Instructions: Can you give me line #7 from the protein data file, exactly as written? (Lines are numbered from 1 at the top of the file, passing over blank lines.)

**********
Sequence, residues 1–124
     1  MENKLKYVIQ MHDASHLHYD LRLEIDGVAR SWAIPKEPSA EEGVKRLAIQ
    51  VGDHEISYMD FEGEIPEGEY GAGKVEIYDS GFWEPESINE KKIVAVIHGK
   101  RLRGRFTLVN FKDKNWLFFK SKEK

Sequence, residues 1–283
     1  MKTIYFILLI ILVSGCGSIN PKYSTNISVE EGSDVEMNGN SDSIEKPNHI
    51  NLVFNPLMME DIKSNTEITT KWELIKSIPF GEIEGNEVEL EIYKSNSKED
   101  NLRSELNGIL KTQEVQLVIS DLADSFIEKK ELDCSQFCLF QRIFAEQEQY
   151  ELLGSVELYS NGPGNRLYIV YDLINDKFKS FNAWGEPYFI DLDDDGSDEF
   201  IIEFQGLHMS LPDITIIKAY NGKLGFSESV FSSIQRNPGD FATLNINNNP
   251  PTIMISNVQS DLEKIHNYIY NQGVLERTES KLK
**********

    51  NLVFNPLMME DIKSNTEITT KWELIKSIPF GEIEGNEVEL EIYKSNSKED